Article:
By Daniel Hunter

The UK manufacturing sector carried its strong third quarter performance into the final quarter of the year. October saw production and new orders both rise at rates above their respective long-run averages, leading to further job creation.

The domestic market remained a prime source of new contract wins, while growth of new export business accelerated on the back of improving global market conditions.

At 56.0 in October, down from a revised reading of 56.3 in September, the seasonally adjusted Markit/CIPS Purchasing Manager’s Index (PMI) signalled an improvement in overall operating conditions for the seventh straight month. The rate of expansion was only moderately below the two- and-a-half year high registered in August.

Total new orders also rose at a rate close to August’s 19-year peak, as new export business increased at the quickest clip since February 2011. Companies reported improved inflows of new work from Asia, the USA, mainland Europe, Ireland, the Middle-East and Russia.

Growth of new orders, strengthening market conditions and stock-building led to a substantial expansion of production volumes in October. The rate of output growth nonetheless eased to a three- month low. Stocks of finished products, meanwhile, rose for the first time in over one-and-a-half years.

The increases in output and new orders remained broad-based in October, with growth of both registered in all nine of the narrow categories covered by the survey. The sharpest increases were generally seen in the Chemicals & Plastics, Basic Metal Products and ‘Other’ manufacturing sectors.

Manufacturing employment rose for the sixth consecutive month in October. Although the rate of jobs growth eased from September’s 27-month peak, it was broadly in line with the average for the current sequence of increase.
October saw average selling prices rise for the fourth straight month, reflecting a combination of rising input costs and continued growth of new orders. Over one-in-ten companies reported an increase in factory gate prices during the latest survey period.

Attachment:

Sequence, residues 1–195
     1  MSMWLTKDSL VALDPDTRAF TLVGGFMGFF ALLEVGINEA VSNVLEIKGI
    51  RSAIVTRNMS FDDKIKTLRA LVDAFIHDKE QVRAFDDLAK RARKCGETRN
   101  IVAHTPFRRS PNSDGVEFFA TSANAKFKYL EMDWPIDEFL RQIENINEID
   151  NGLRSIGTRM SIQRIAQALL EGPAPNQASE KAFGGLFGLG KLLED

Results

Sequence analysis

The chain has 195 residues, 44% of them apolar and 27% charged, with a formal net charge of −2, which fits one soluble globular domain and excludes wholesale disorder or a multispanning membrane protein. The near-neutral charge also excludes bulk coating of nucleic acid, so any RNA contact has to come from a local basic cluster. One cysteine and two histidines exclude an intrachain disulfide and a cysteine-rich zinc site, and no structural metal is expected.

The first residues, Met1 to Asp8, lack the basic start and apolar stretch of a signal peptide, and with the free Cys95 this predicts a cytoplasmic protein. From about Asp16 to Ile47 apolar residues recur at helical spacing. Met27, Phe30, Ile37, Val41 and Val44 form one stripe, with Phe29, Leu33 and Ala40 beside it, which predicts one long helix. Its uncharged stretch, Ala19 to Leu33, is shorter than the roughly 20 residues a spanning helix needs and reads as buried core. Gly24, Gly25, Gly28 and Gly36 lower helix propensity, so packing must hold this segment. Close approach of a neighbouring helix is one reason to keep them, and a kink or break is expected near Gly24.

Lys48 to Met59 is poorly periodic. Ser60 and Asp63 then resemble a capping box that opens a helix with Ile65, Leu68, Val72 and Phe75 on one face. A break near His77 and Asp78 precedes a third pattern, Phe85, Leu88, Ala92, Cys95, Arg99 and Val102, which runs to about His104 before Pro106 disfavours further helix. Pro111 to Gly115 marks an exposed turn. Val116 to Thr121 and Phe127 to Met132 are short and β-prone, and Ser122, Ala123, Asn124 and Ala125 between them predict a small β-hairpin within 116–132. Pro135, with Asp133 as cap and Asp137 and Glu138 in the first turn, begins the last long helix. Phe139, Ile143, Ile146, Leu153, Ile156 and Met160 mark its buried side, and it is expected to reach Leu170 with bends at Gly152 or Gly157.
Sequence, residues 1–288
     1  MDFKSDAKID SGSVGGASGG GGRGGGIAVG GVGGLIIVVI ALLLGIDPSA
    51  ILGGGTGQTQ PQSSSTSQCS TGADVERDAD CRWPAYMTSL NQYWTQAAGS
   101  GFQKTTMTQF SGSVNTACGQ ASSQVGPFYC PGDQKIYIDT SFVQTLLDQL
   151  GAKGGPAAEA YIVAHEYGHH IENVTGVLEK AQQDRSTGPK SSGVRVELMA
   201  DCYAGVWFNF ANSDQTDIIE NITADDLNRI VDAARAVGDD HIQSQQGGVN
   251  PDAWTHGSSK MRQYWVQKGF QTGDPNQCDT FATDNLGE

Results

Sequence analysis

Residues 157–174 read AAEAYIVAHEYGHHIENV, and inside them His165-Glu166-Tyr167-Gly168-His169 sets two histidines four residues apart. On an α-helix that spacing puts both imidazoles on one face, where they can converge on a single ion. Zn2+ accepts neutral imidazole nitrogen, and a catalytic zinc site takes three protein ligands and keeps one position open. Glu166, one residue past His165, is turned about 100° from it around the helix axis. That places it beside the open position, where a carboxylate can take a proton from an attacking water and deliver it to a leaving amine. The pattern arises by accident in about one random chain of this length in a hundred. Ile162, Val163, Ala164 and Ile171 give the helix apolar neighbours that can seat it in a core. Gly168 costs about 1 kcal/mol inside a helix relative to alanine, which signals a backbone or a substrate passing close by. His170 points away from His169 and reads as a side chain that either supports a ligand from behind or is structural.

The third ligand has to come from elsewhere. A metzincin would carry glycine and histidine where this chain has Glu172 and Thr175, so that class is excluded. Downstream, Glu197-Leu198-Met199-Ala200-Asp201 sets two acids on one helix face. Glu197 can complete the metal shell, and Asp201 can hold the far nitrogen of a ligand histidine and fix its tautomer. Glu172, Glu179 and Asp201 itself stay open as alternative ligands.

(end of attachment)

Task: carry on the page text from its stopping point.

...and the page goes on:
Purchase price inflation in October eased further from August’s two-year high, but only to a pace in line with the long-run survey trend. Price rises were reported for dairy products, electronics, energy, food stuffs, paper, timber, wheat and wood.

Rob Dobson, Senior Economist at survey compilers Markit: “The Manufacturing PMI remains close to August’s two-and-a-half year high, with growth of output and new orders both trending near to recent 19-year records.

“Despite only accounting for less than 11% of the economy, the current strength of growth seen in manufacturing means the sector will still provide a major boost to the economy in October, boding well for the strong pace of economic growth we saw in the second and third quarter being sustained into the fourth quarter. The survey suggests manufacturing output is growing at a quarterly rate of around 1%-1.5%.

“Maintaining this solid expansion will be important if we are to see any real signs of the economy rebalancing, as manufacturing remains 9% smaller than its pre-crisis peak, while services have already closed the gap. The latest increase in employment also suggests that the manufacturing sector is creating jobs at a solid pace, which should help bring unemployment down in coming months.

“A sharp uptick in inflows of new export business to a 32-month high was also one of the big stories from the latest figures, signalling that the UK is no longer being left behind in the chase to benefit from improving global markets.

"A strengthening domestic market, riding on the crest of a wave from recent positive economic news, also remains a prime driver of the recovery. This should help UK manufacturing remain one of the brighter growth spots in the world manufacturing economy, as highlighted by its position at the top of the global PMI rankings throughout the third quarter.”

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